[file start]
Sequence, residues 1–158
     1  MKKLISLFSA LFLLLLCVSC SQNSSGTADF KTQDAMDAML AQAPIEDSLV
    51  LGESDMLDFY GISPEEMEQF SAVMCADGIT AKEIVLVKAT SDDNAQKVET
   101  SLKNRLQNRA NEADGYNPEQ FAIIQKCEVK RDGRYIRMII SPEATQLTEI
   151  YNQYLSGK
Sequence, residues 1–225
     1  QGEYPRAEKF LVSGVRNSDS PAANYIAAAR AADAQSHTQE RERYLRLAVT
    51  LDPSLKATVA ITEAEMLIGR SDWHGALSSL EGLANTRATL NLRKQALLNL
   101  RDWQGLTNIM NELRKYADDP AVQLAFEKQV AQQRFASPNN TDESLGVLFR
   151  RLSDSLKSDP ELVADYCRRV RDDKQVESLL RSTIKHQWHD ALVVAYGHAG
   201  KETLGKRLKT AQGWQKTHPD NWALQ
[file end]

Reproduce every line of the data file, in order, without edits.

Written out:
Sequence, residues 1–158
     1  MKKLISLFSA LFLLLLCVSC SQNSSGTADF KTQDAMDAML AQAPIEDSLV
    51  LGESDMLDFY GISPEEMEQF SAVMCADGIT AKEIVLVKAT SDDNAQKVET
   101  SLKNRLQNRA NEADGYNPEQ FAIIQKCEVK RDGRYIRMII SPEATQLTEI
   151  YNQYLSGK
Sequence, residues 1–225
     1  QGEYPRAEKF LVSGVRNSDS PAANYIAAAR AADAQSHTQE RERYLRLAVT
    51  LDPSLKATVA ITEAEMLIGR SDWHGALSSL EGLANTRATL NLRKQALLNL
   101  RDWQGLTNIM NELRKYADDP AVQLAFEKQV AQQRFASPNN TDESLGVLFR
   151  RLSDSLKSDP ELVADYCRRV RDDKQVESLL RSTIKHQWHD ALVVAYGHAG
   201  KETLGKRLKT AQGWQKTHPD NWALQ